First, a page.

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Undated: The Tea Party movement is an American fiscally conservative political movement within the Republican Party. Members of the movement have called for lower taxes, and for a reduction of the national debt of the United States and federal budget deficit through decreased government spending.[1][2] The movement supports small-government principles[3][4] and opposes government-sponsored universal healthcare.[5] The Tea Party movement has been described as a popular constitutional movement[6] composed of a mixture of libertarian,[7] right-wing populist,[8] and conservative activism.[9] It has sponsored multiple protests and supported various political candidates since 2009.[10][11][12] According to the American Enterprise Institute, various polls in 2013 estimate that slightly over 10 percent of Americans identify as part of the movement.[1

-- 2016 --

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January 16: Trump draws boos at Tea Party speech for criticizing Cruz

March 15: Trump's appeal divides Tea Party loyalties in crucial states

November 29: To understand the Trump victory, it is worthwhile to look at the backlash movement that prefigured Trump’s rise: the Tea Party.

-- 2017 --        

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February 16: Tea party gains voice in Trump’s Cabinet with budget chief

The Senate on Thursday confirmed President Donald Trump’s pick to run the White House budget office, giving the Republicans’ tea party wing a voice in the Cabinet.

Rep. Mick Mulvaney, R-S.C., squeaked through on a 51-49 vote in the Republican-controlled Senate.

February 23: Drawing Comparisons Between Anti-Trump Resistance Movement And Tea Party

Political Journalist Says Both Movements Are A Reaction In Fear Over President

February 28: President Trump has thrown down a major challenge for the tea party and its congressional bloc, known as the Freedom Caucus. He is proposing to Congress a massive budget-busting plan that increases military spending by a whopping $54 billion, slashes domestic programs, and leaves Social Security and Medicare intact. And a significant tax cut will soon be on the way.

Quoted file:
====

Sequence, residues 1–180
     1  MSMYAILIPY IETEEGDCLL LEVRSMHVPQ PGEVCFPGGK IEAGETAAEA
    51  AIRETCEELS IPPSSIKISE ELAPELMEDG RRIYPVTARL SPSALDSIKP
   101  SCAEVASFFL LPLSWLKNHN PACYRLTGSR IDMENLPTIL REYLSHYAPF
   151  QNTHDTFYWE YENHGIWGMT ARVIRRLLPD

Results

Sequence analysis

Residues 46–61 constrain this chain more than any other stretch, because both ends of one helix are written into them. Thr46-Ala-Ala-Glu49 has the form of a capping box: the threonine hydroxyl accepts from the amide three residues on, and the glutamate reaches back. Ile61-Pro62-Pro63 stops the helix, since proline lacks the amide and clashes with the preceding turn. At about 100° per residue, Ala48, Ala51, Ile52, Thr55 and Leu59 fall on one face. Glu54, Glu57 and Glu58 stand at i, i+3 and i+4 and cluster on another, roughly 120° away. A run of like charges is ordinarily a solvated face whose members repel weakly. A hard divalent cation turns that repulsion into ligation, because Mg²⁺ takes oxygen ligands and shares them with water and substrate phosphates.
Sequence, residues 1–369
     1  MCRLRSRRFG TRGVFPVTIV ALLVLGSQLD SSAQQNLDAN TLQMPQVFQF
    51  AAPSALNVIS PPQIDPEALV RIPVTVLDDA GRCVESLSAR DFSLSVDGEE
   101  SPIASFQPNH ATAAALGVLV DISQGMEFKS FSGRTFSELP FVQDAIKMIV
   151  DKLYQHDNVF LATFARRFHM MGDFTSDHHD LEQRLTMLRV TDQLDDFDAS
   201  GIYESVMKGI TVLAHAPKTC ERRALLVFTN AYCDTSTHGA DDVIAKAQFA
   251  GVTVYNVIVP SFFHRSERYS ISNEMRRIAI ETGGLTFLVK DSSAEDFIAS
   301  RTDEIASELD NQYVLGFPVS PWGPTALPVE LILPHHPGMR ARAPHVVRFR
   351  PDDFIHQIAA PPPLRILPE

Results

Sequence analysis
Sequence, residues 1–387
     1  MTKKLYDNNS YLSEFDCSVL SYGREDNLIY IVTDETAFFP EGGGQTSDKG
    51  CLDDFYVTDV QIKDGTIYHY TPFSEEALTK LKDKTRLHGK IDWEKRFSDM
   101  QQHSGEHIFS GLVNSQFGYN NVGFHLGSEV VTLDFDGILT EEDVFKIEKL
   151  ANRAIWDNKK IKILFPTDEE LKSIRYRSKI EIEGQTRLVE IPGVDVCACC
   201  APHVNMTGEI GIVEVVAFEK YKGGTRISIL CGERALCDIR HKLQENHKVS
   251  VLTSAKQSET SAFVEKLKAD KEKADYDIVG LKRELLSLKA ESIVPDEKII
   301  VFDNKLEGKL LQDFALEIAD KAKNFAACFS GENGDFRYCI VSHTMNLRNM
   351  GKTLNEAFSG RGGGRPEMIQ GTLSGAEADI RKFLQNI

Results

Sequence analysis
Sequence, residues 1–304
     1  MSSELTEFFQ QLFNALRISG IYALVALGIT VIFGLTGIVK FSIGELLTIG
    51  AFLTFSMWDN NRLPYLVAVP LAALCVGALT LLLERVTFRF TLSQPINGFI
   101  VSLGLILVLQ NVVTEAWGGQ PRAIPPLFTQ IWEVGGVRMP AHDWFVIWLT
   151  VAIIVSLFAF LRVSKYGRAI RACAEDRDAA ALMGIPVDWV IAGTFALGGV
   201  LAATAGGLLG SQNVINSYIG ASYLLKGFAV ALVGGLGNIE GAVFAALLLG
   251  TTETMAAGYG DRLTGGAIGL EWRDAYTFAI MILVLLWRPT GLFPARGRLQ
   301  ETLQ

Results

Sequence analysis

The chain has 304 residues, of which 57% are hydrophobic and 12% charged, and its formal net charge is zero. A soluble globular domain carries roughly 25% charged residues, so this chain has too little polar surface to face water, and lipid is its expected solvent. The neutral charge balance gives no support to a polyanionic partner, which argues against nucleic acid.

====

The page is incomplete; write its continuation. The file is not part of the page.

This presents a crucial test to the tea party movement that has reshaped American politics since 2008. The most obvious challenge is that Trump has chosen to leave Social Security and Medicare alone, two of the biggest components of the federal budget and two prime targets for conservatives like Speaker Paul Ryan.

March 2: Meet the Tea Partiers Behind the Rallies for President Trump Around the U.S.

-- 2018 --

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May 16: In 2018, the Tea Party is all in for Trump

And it’s making mainstream Republicans nervous.

August 31: Evolution of anger: The tea party in the age of Trump

September 7: How the tea party paved the way for Donald Trump

September 20: Texas Tea Partiers Are Freaking Out Over 'Deep State' Conspiracy Theories

Here's why the state is ground zero in the right-wing panic over threats to the Trump presidency.

Members of at least three North Texas tea party-aligned groups, including the Van Zandt County Tea Party, the Kaufman County Tea Party, and the Red Texas Forum, joined a smattering of local political candidates and former elected officials to hear a presentation titled "Historical Roots of the Deep State—What it is and Where it came from."